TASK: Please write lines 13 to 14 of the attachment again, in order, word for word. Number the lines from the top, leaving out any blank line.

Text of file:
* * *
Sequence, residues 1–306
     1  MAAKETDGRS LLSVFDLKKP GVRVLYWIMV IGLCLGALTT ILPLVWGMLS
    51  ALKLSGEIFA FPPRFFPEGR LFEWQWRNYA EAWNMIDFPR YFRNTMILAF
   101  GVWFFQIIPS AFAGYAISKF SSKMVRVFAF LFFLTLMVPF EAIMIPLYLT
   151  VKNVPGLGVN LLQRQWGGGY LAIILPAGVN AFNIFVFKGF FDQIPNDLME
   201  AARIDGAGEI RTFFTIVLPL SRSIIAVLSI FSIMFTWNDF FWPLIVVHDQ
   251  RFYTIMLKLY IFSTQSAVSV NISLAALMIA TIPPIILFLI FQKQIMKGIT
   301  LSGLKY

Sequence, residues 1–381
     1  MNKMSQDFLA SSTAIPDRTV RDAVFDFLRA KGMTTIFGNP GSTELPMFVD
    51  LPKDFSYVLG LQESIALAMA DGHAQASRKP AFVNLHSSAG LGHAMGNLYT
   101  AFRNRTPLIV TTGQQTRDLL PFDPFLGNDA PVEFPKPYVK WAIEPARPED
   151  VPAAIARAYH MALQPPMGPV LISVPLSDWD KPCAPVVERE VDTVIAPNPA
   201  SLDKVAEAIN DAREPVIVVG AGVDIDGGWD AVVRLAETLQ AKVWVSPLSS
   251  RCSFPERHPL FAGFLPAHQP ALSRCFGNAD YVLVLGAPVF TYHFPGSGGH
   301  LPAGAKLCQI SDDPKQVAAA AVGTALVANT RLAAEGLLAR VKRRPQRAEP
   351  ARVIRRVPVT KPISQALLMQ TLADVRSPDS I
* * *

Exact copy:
   151  VPAAIARAYH MALQPPMGPV LISVPLSDWD KPCAPVVERE VDTVIAPNPA
   201  SLDKVAEAIN DAREPVIVVG AGVDIDGGWD AVVRLAETLQ AKVWVSPLSS